Posted by: Joe | Nov 1, 2012 12:07:06 AM
Mr. Gedicks' response, posted by Michael Perry, is this:
"The question is whether the contraception mandate is closer to mandated wage or salary compensation that the employee can spend as he or she chooses without employer restrictions, or a mandated contraceptive voucher which would constitute an unambiguous employer subsidy. While the benefit created by the contraception mandate is not identical to wages or salary, it is close: Mandated contraceptives constitute a benefit made available to employees through their employer health insurance plan; health insurance benefits are a form of employee compensation which, like wages and salary, employees may consume in a variety of ways as they wish, free of employer restriction. Allowing an employer to interfere in this consumption decision on the basis of the employer’s religious anti-contraception beliefs would impose the burden of those beliefs on many employees who do not share them; thereby violating the latter’s religious and general personal liberty."
This response from Mr. Gedicks is not particularly compelling because it mischaracterizes what is going on: it is not employers that are infringing on the religious liberties of their employees, it is the government that is imposing a burden on the religious liberty of religious employers and institutions. What Mr. Gedicks seems to forget is that employees were free and still are free to buy contraception or get sterilized with the money paid to them by their employers. Employers are not trying to interfere with the existing rights of their employees to make those decisions, and employers are not asking for the right to violate the religious freedom of their employees. Employers are simply asking to be free from government coercion that requires them to facilitate the supply and delivery of products and services they deem to be immoral.
As Mr. Gedicks suggests, employers should be free to pay cash to employees and let employees buy contraception, or guns, or pornography, or other items that the employer finds morally objectionable. But the HHS mandate and Obamacare now prevents employers from exercising that right and letting employees make their own moral decisions - that's the problem. If an employer compensates an employee in the form of cash (without providing health insurance), the employer (in many cases) is now subject to a government-imposed penalty. If the employer chooses to compensate employees through health insurance coverage, the government now mandates that the employer pay for contraception, abortifacients, sterilization, etc., which the employer finds morally repugnant. It is the government that has taken away the freedom of employers to choose the form (and content) of the compensation they pay to their employees, and it is the government acting with coercive force to undermine the religious liberty of the employer.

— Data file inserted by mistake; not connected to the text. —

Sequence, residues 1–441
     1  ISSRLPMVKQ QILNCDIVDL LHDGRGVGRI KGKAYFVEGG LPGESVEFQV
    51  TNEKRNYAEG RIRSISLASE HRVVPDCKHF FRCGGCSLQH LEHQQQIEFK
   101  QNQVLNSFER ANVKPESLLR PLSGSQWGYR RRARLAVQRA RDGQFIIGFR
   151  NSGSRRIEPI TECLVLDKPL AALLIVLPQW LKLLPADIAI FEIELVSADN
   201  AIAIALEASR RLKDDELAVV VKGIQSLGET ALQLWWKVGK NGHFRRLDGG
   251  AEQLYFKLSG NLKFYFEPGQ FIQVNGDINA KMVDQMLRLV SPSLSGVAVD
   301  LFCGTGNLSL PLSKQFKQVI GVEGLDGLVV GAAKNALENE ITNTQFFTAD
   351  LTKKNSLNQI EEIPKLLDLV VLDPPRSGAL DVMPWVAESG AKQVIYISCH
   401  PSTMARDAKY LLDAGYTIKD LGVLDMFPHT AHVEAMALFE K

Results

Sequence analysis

If Mr. Gedicks is really concerned about the religious freedom of employees, he should oppose the mandate and Obamacare. Without Obamacare, employers could pay all employees in cash and let them decide how to use the money without interference from the government or their employer (something Mr. Gedicks seems to think is morally acceptable for all parties, and infringes no one's religious liberty). Under Obamacare, this option is no longer available. Moreover, Obamacare and the mandate will force many employees to participate in and pay their own money into plans that include products and services they find morally objectionable. If employees who want contraception have a right to "access" contraception through their employer plans, why don't employees who think contraception is immoral have a right to "access" employer plans that do not provide it and do not require them to fund its use by others? If Mr. Gedicks really wants employees to protect the religious liberty of employees, let's protect it for all of them. To do so, Mr. Gedicks will have to admit that it is government interference in the marketplace that is burdening religious liberty, not employers who are just trying to pay compensation in a way they find just and fair.
Posted by: BMoney | Nov 1, 2012 11:17:32 AM
A federal judge in Michigan has enjoined the implementation of the mandate against a private employer: http://www.michigan.gov/ag/0,4534,7-164-46849-289342--,00.html
Posted by: Catholic Law Student | Nov 1, 2012 1:04:45 PM
Posted by: Catholic Law Student | Nov 1, 2012 1:06:27 PM
I recently discovered this blog, and to me it is amazing. Certainly, a purposeful rendering of these laws without God in the equation is the central issue. What to do in the face of such blatant disregard for our foundational and legal history is always what interests me the most. On that note, I was hoping to make a personal request: I am 44 years old, and I would love to study the law in order to help defend the 1st Amendment. Does anyone here think it is a crazy idea to embark on such a journey at my age? Also, does anyone here have any suggestions on how to best pursue this dream if I currently live in the Washington, DC area?
Posted by: Scott Mosel | Nov 1, 2012 4:21:59 PM
There are plenty of law schools in your area. Professor Mark Rienzi is one of the lead litigators for the Becket Fund. He teaches at Catholic University. CUA also has an excellent evening program.
There is a handful of students your age at my law school. So, it is not an impossible dream.
BUT!! The legal market is not what it was in days past.
Posted by: Catholic Law Student | Nov 1, 2012 8:00:03 PM